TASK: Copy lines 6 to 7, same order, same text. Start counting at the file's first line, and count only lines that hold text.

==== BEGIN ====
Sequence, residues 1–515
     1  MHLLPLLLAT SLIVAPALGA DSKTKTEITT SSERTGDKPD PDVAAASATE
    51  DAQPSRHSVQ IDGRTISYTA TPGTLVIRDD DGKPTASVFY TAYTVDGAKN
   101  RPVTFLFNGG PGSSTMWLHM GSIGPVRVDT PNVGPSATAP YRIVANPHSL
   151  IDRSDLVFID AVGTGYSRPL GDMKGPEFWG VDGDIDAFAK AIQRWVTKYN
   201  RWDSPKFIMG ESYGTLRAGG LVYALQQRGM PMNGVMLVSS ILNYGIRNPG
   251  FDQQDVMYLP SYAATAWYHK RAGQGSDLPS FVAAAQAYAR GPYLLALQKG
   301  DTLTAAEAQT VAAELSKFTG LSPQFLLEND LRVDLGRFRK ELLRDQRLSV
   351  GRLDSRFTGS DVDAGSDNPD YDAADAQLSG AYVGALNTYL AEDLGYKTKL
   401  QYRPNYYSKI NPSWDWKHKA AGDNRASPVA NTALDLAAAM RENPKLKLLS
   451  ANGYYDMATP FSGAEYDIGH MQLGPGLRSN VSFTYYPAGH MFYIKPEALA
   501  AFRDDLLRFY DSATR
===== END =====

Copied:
   201  RWDSPKFIMG ESYGTLRAGG LVYALQQRGM PMNGVMLVSS ILNYGIRNPG
   251  FDQQDVMYLP SYAATAWYHK RAGQGSDLPS FVAAAQAYAR GPYLLALQKG